It was my intention to have kept back the Sapindaceae, until I would enjoy the advantage of consulting your genera. But I rather send them off at once, in order that no delay may occur, as you can readily transfer them to their respective genera from the diagnoses furnished. Be so kind to quote no synonyms even if printed in any of my catalogues, unless established by a printed diagnosis. It withdraws from the dignity of the work to enumerate such ephemerous quotations, the systematic being indeed already burdened enough with multiplications of names.12

I hope that your next letters will announce the safe arrival of the Rutaceae! It is perhaps the gem of my collections, consisting of a magnificent series of forms of these lovely plants. I tremble for their safety, as I have entrusted them to a private channel (altho an excellent one), they being sent without bill of loading under care of the Surgeon of the "Dovre 13 Castle" Dr Thomson. I wrote however simultaneously to Sir Will Hooker of Kew, announcing their shipment under the above circumstances.14

The addition of a n.g. of Menispermeae to the Austr. flora through my collections has pleased me much! I certainly did only look at it without entering into an analysis, thus I passed it as Pachygone.15

In the consignment sent pr "Kent" you receive all the addenda up to date for Thalamiflorae. I will keep up Supplemental notes as far as possible from any new material, that may come in. I regret to say, that I have not as yet had time to extract the localities from my diaries, whereby the habitats would have been much augmented. I felt that I had to interrupt my literary work for a while & to confine my attention to the correspondence of this very large Department and its many harrassing duties at this season of the year, when we have to provide plants for the gardens & reserves of public institutions throughout the colony & when so much new work is under progress. Had I done more, my health would have given way entirely. I have however as you will see advanced the fragmenta to the 19 Number.16 I have also drawn up an enumeration of the plants collected in Stuarts 2 last expeditions and on those of FrGregory from N.W. Australia. I shall probably send them to Balfour.17 I have also begun to publish or rather print the large folio-plates of the Eucalypti for my monograph.18 They may therefore be quoted in the Flora already. I have in vain endeavoured to bring the australian Sapindaceae allied to Cupania & Nephelium into the more recent genera. The limits of all the genera of Blume seem to me artificial. But without examining the Extra Australian Sapindaceae extensively no one can arrive at satisfactory conclusions in regard to the generic distinctions of these plants The 5 species, of which I forwarded manuscript names are nowhere published as yet by myself,19 and you will observe the descriptions are drawn up from incomplete material. The material of the various Sapindaceae described in my publications has in general been good and I believe you will be pleased with the collection, especially as it represents so many noble trees.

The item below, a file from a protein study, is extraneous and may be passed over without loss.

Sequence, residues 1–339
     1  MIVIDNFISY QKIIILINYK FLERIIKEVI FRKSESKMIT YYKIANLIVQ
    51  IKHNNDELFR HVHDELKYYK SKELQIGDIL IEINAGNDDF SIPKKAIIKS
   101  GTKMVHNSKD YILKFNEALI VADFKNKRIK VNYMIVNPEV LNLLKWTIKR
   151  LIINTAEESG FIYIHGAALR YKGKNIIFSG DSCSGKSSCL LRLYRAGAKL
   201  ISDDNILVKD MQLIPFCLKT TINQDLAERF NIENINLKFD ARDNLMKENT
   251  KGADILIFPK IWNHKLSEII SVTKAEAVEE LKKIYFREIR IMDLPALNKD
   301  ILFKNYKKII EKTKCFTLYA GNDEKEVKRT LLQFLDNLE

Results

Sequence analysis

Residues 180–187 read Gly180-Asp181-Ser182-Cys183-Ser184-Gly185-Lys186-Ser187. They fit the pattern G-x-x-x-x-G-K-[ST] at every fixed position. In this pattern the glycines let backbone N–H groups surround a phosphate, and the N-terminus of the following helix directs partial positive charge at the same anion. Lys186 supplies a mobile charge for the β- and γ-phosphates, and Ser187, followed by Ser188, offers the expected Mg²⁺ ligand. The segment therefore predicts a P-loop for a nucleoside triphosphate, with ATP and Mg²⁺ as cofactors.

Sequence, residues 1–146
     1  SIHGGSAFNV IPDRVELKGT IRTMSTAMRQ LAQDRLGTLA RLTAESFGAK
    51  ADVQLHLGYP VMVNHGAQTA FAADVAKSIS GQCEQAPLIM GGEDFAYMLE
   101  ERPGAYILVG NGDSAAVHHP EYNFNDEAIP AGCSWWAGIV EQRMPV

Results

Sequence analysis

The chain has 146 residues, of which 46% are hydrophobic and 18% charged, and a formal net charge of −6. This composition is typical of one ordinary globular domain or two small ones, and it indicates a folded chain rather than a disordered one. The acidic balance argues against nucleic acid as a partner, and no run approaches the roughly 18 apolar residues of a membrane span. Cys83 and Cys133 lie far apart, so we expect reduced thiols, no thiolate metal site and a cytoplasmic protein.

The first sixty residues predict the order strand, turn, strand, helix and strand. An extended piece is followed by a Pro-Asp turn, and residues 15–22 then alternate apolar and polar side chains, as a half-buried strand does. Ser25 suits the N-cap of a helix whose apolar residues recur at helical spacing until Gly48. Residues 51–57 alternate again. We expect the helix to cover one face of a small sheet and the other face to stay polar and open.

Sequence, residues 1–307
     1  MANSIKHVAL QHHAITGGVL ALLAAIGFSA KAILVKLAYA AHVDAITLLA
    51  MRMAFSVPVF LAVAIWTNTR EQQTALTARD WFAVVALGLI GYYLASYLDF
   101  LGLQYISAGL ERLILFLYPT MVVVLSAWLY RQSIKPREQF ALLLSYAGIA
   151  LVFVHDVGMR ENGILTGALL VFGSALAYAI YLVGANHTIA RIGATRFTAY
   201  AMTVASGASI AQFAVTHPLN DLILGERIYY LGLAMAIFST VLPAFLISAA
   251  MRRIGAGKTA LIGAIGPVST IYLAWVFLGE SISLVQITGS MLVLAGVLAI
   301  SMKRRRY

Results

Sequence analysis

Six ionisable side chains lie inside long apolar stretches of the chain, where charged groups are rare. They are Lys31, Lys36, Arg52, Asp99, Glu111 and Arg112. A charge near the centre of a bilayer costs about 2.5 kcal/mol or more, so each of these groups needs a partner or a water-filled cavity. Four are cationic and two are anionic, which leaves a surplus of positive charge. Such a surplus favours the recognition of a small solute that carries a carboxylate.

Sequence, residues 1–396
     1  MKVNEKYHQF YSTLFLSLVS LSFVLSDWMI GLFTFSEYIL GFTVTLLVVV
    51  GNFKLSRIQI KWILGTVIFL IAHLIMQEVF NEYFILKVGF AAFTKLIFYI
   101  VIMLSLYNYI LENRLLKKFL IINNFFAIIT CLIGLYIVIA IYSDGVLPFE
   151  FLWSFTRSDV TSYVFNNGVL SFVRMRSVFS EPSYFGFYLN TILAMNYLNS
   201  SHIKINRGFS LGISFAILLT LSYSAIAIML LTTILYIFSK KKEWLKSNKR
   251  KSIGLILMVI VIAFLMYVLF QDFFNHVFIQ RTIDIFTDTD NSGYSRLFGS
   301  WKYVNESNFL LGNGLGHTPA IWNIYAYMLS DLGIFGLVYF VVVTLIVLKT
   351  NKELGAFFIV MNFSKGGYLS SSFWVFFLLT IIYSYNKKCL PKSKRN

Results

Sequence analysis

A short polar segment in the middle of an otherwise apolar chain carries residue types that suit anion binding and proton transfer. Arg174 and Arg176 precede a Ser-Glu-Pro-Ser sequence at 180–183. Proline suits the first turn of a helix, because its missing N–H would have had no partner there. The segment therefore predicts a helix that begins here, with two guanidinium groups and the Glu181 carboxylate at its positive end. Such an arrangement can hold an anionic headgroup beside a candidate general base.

The arillus is subject to much variation. In the two Harpuliae for instance it is small & scutellar in one & large & perfectly enveloping the seed in an other. I anticipate that you will have restored Nephelium & Cupania with large subgenera & into these most of my plants will go then.

Of Euodia I have 6 species E. pentacocca, neurococca, micrococca, erythrococca, Cunninghami, octandra. The aestivation whether valvate or intricate will not distinguish these genera, nor the number of stamens, which varies from 4-10 in the genus, altho' it is constant in the species, or nearly so. Acradenia I draw also to Euodia.

To Dr Hookers list of Indo Australian plants20 very many have yet to be added. So I find we have Crotalaria ramosissima & Cassia pumila. The Crotalariae have even in W. & A.21 yet to be much reduced. It is much to be regretted I had not their golden prodromus with me in N. Australia, as it would have facilitated the study of the Indo-Australian species. That the sum of £100 - "- " for your Flora is available at the Colonial Agent of Victoria in London for you, you will have learnt from my letter by last mail.22